Thursday, July 7, 2011

"Most of the time I look up at the sky pretending I’m somewhere else. I’m definitely not tangled up in a net in my underwear with forty-nine sophomores watching me. I’m not practically naked in front of the girl I want to impress most in the world." - Andrew Zansky


Food, Girls, and Other Things I Can’t Have – Allen Zadoff

320 pages

Genre:  YA; Realistic Fiction; Sports

Summary:  Andrew Zansky, an overweight teenager who is sometimes bullied, but mostly ignored in the halls of his high school, wishes he could be someone else.  While he does enjoy spending time with a handful of friends, Andy tends to turn to food for comfort and has become a bit complacent with his lot in life.  All that begins to change, however, when he spots a beautiful girl named April at an event, blurts out that he’s a jock, and begins to wonder if he can really turn himself into another person.  Will Andy be able to change his life, or will everything blow up in his face?

Review:  Food, Girls, and Other Things I Can’t Have was a humorous, touching book, and while it was a solid 320 pages, I read through it quite quickly.

One of the things that Zadoff did best in this work was authentically capturing the teenage experience through his characters.  Andrew was an incredibly believable character who was full of insecurities, but through his streaks of self-deprecation, he was also able to keep his sense of humor alive.  He knew he wasn’t perfect, and was basically just your average kid trying to make his way through high school; the fact that he had flaws made him quite relatable.  O was another standout character in my mind, and much like the rest of the school, I really grew to like him as I got to know him more, which surprised me because I don’t often like archetype jock characters.  April was also rather compelling, and while I didn’t particularly like her, the insecurities that she exhibited also made her a believable character.  She desperately wanted to be popular and would sometimes put her own interests aside in her quest to be liked, which is probably something many teenage girls can relate to.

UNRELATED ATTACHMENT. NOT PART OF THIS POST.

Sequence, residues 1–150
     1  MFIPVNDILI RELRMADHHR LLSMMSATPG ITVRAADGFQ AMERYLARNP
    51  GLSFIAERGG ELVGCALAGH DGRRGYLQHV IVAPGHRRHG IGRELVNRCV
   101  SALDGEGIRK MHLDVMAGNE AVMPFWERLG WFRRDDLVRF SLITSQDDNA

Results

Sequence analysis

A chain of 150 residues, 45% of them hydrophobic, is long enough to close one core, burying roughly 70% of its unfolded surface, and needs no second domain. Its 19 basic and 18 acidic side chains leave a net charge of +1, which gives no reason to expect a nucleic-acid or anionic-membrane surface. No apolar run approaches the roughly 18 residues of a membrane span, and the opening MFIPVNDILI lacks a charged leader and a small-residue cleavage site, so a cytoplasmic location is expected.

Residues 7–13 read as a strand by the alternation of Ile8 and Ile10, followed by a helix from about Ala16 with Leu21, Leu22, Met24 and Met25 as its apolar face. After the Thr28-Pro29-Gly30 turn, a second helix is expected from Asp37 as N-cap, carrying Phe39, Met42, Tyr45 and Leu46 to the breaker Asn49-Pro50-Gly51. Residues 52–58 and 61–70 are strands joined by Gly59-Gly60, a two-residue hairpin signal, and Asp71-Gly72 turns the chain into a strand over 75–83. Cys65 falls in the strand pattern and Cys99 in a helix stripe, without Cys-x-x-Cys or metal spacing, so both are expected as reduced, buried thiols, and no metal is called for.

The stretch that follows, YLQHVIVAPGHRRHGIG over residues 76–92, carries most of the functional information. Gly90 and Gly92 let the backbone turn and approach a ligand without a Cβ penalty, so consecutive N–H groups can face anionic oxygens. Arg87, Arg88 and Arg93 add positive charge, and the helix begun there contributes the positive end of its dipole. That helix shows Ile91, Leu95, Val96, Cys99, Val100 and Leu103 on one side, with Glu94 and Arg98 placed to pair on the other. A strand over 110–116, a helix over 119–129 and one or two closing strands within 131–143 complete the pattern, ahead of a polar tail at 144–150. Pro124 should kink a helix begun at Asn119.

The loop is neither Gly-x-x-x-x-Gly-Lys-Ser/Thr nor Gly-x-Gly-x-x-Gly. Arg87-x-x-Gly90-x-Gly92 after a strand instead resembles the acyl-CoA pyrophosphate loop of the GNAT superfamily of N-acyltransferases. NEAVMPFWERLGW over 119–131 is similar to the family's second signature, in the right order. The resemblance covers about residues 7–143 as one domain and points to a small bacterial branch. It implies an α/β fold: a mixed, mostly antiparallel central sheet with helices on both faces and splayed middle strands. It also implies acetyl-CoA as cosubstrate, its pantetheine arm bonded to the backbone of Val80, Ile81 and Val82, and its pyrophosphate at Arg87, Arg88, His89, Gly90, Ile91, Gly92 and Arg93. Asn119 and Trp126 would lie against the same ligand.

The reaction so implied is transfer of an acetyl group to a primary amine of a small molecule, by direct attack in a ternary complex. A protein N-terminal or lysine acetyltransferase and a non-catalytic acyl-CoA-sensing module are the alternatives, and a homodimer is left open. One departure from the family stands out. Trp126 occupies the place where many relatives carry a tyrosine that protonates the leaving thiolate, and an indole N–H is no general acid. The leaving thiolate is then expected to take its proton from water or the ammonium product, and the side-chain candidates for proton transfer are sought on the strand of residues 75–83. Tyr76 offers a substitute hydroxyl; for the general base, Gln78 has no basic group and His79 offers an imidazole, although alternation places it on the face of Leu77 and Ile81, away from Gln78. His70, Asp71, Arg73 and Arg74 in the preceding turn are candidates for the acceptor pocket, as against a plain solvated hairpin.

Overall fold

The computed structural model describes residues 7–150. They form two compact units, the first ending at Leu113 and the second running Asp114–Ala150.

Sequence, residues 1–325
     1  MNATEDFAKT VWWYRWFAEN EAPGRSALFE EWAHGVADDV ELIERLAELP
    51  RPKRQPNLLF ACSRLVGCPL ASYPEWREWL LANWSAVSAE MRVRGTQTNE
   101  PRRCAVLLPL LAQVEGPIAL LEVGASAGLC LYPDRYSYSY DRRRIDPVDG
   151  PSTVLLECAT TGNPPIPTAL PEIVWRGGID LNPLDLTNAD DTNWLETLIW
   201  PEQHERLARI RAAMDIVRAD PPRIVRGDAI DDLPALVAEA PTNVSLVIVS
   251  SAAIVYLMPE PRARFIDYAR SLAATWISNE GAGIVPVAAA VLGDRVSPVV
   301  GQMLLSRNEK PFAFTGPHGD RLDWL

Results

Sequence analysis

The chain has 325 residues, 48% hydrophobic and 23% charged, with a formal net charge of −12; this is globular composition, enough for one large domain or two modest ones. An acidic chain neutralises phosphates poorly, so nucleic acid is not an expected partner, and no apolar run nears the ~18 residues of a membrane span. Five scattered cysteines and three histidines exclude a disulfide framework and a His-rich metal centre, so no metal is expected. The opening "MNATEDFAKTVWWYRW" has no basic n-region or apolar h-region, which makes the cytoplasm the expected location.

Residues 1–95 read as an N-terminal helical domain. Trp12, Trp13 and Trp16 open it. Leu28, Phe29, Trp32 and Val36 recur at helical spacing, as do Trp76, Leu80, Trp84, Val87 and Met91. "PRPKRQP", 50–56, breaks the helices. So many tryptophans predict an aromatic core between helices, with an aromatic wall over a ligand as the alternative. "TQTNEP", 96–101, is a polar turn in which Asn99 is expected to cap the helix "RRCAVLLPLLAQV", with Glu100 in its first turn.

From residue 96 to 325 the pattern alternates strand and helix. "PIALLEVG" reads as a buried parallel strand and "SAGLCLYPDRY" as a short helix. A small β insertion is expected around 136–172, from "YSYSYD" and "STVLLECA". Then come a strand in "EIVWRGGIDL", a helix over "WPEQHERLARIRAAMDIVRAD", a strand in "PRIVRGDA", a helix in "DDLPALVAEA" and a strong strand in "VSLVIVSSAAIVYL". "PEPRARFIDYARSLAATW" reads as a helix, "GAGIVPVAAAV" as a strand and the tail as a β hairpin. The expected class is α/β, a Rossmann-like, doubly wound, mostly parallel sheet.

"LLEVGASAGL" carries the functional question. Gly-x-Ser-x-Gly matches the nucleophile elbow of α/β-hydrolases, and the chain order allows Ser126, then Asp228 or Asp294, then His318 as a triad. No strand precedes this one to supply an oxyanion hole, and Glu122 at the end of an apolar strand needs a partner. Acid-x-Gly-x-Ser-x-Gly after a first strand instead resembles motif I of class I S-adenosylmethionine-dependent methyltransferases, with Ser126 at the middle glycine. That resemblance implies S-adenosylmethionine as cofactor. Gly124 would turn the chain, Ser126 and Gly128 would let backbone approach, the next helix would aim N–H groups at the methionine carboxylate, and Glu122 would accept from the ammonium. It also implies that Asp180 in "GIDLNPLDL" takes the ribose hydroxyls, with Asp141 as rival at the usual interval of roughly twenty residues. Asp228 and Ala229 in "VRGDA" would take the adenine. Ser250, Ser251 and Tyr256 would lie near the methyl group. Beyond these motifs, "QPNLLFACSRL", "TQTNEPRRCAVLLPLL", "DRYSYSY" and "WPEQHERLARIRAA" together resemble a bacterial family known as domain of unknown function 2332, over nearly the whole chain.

In all honesty, I wasn’t sure how much I was going to like this book at first because it kind of spelled out everything about Andy on the first page, but I am extremely glad I stuck with it. The plot moved along quite quickly without any slow parts, and just when I thought things were finally going to get easier for Andy, they tended to take a turn for the worse.

If you’re looking for a quirky, fun, realistic read with an unexpected hero, definitely give Food, Girls, and Other Things I Can’t Have a try.

Rating:  3.5/5

Other Books by this Allen Zadoff:  My Life, The Theater, and Other Tragedies, Hungry:  Lessons Learned on the Journey from Fat to Thin

Read-alikes:  The Earth, My Butt, and Other Big Round Things – Carolyn Macker, Angus, Thongs, and Full-Frontal Snogging – Louise Rennison, The DUFF – Kody Klepplinger

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